17 June 2016
angiotensin-converting enzyme 2, angiotensin-(1–7), enzyme-linked immunosorbent assay, essential hypertension, polymerase chain reaction, polymorphisms, renin–angiotensin–aldosterone system, single nucleotide
The angiotensin-converting enzyme 2-angiotensin-(1–7)-MAS axis (ACE2-Ang-[1–7]-MAS axis) plays an important role in the control of blood pressure. Some previous studies indicated that the genetic variants of ACE2 may have a potential to influence this axis. Therefore, the present study aimed at examining the association of ACE2 polymorphisms with circulating ACE2 and Ang-(1–7) levels in patients with essential hypertension.
Hypertensive patients who met the inclusion criteria were enrolled in the present study. Three Tag single-nucleotide polymorphisms (rs2106809, rs4646155, and rs879922) in ACE2 gene were genotyped for all participants. Circulating ACE2 and Ang-(1–7) levels were detected by enzyme-linked immunosorbent assay.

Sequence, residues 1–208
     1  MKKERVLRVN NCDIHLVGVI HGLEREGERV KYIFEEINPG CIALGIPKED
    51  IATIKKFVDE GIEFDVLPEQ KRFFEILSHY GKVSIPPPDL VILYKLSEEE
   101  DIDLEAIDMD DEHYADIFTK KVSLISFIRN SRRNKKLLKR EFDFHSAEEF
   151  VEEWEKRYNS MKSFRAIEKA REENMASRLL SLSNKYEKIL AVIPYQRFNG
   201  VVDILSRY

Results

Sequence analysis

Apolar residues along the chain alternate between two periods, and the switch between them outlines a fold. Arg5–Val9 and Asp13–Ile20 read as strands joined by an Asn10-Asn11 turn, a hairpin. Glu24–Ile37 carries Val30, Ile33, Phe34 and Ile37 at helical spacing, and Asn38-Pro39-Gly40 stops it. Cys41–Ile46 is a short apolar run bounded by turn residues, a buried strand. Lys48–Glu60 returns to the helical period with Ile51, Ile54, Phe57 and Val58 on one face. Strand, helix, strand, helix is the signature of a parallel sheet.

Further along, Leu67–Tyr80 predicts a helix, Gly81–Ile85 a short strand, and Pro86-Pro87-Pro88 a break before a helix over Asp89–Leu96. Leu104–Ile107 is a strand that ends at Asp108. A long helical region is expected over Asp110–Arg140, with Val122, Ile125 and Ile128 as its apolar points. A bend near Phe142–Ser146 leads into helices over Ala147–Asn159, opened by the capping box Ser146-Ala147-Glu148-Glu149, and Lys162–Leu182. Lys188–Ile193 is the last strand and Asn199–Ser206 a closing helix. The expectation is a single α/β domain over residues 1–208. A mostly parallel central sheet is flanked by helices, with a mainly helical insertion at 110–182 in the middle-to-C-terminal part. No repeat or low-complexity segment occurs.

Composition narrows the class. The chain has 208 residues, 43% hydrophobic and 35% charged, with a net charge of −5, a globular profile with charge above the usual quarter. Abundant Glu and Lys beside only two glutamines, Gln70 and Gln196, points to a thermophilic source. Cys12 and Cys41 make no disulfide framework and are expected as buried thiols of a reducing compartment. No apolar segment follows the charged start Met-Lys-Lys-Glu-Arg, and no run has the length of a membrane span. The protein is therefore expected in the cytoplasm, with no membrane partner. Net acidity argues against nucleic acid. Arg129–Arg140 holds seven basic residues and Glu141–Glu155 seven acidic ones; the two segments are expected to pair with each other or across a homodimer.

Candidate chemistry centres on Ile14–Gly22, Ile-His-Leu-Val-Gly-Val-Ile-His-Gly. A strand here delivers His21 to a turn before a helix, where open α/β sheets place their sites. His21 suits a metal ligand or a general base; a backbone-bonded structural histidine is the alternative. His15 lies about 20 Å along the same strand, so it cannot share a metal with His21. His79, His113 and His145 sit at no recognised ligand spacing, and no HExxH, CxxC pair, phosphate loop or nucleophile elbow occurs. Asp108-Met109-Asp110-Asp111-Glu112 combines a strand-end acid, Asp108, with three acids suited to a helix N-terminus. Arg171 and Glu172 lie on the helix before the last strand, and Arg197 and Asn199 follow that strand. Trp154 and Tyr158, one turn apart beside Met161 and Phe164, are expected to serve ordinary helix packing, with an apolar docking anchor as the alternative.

There were 96 (53.0%) females and 85 (47.0%) males participating in the present study. The circulating Ang-(1–7) levels were significantly greater in female patients carrying the rs2106809 CC or CT genotype compared with those carrying the TT genotype (1321.9 ± 837.4 or 1077.5 ± 804.4 pg/mL vs 751.9 ± 612.4 pg/mL, respectively; P = 0.029, analysis of variance), whereas the circulating Ang-(1–7) levels were comparable among genotypes in male patients. In addition, there was no significant difference in the circulating ACE2 levels among rs2106809 CC, CT, and TT genotype groups in both female and male patients. The circulating ACE2 and Ang-(1–7) levels were related to neither rs4646155 nor rs879922 in female or male patients.
In conclusion, the rs2106809 polymorphism of the ACE2 gene may be a determinant of the circulating Ang-(1–7) level in female patients with hypertension, suggesting a genetic association between circulating Ang-(1–7) levels and ACE2 gene polymorphisms in patients with hypertension.